Abatement – An administrative method of correcting errors in valuation or classification that may escape the review process.
Assessment – The accurate and equitable valuation and classification of property to determine its market value.
Circuit Breaker – See Property Tax Refund.
Classification – Classification provides for different types of property to be taxed at different rates. These rates determine a property’s net tax capacity, which is the basis for most property taxes. Your property’s classification is determined based on its use and ownership.
County Program Aid (CPA) – A payment to counties from the state of Minnesota to help cover the costs of county services and thereby lower the amount the county needs to collect from property taxes.
Credit – A reduction in the amount of taxes due. (Your Tax – Credits = What you pay.)
Deed – A written document by which the ownership of land is transferred from one person to another.
Estimated Market Value (EMV) - The most likely selling price of your property, if it were sold on the open market.
Exclusion – Exclusions reduce the amount of taxable value of a property. Most beneficiaries of exclusions have a portion of their value taxable after the exclusion is applied. For example, if your $125,000 home was eligible for a $50,000 exclusion, you would only be taxed on the remaining $75,000 in value. ($125,000 - $50,000 = $75,000 in taxable value.)
Exemption – All real and personal property in the state is taxable, except property declared to be exempt by federal or state law. Common examples of exempt property include schools, church property, and federal, state and local public property.
Fiscal Disparities – This program is a complex system for the partial sharing of commercial-industrial property tax base among all jurisdictions within two geographic areas. The primary one was created in 1971 for the Twin Cities metropolitan area. A second version was created in 1995 for the Iron Range in northern Minnesota.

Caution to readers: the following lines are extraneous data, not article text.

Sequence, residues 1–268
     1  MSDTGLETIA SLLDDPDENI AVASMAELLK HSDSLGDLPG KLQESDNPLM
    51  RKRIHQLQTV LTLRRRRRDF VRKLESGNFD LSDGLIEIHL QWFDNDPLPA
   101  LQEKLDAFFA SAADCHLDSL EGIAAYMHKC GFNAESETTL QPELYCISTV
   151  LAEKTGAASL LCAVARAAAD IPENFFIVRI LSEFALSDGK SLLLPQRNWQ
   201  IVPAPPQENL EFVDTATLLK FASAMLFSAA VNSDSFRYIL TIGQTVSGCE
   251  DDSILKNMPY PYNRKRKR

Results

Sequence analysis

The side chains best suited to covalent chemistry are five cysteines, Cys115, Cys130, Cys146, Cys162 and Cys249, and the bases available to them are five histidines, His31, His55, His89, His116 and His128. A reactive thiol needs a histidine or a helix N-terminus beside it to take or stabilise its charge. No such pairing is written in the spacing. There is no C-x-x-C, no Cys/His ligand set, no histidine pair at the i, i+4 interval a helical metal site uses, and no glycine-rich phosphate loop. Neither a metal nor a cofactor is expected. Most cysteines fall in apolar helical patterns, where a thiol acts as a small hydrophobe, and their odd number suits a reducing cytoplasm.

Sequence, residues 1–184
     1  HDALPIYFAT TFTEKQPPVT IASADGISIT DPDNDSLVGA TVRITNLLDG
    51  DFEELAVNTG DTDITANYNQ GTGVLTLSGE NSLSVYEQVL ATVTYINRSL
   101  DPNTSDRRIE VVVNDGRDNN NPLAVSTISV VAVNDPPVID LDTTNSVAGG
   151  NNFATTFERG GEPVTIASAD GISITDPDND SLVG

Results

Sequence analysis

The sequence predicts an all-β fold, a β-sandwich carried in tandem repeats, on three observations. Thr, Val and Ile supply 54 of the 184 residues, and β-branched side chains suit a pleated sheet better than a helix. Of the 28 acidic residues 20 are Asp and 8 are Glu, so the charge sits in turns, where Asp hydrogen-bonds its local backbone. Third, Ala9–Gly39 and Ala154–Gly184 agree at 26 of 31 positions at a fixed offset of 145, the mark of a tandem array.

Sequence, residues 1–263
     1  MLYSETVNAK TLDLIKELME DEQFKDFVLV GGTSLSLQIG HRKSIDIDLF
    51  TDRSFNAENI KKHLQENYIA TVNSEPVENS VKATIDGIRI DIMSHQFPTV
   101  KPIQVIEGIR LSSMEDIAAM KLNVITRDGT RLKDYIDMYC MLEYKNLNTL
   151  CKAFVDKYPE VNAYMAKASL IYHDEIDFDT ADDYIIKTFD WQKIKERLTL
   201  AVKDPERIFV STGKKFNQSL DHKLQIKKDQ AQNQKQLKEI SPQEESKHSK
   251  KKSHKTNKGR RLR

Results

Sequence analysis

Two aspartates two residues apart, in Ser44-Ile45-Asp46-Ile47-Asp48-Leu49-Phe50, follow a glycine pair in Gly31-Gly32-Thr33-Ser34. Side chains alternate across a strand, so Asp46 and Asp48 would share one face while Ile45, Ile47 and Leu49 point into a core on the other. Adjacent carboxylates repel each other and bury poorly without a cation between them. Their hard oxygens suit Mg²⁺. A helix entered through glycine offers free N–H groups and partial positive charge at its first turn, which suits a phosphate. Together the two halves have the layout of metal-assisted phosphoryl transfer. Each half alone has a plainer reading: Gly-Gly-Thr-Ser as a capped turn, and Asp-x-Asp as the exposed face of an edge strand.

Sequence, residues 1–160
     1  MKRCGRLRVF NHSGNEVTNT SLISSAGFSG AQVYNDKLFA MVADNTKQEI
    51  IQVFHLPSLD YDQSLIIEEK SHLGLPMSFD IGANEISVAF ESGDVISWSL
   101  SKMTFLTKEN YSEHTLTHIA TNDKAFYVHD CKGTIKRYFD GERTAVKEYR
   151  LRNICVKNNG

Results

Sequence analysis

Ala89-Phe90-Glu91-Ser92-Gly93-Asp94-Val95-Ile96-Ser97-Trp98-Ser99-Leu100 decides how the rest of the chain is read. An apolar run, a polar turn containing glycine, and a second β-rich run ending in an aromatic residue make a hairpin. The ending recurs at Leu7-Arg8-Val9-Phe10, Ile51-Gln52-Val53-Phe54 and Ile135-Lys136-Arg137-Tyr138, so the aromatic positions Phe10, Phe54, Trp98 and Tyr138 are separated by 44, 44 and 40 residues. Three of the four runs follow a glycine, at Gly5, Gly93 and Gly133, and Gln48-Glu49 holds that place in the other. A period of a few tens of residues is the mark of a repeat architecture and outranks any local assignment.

Homestead – A classification that reduces the taxable market value on owner-occupied homes of Minnesota residents to encourage home ownership. Classification as a homestead may qualify a property for a property tax refund, and/or other special programs. For more information, download an Applying for the Homestead Classification fact sheet.
Levy – A property tax levy is the amount of property taxes collected by a county, city, school district or other unit of government.
Levy Limit – A restriction on the amount of property taxes a local unit of government can collect for certain services.
Lien – A hold, a claim or a charge a creditor has on a debtor’s lands.
Local Government Aid (LGA) – A payment to cities from the state of Minnesota to help cover the costs of city services and thereby lower the amount the city needs to collect from property taxes.
Local Government Spread Levies – These levies are the general levies certified by local governments as part of the local budgeting process. They represent more than 70 percent of all property tax levies.
Market Value – The price that could be obtained if a property were sold under competitive, open-market conditions. Assessors are required to value your property at 100% of market value.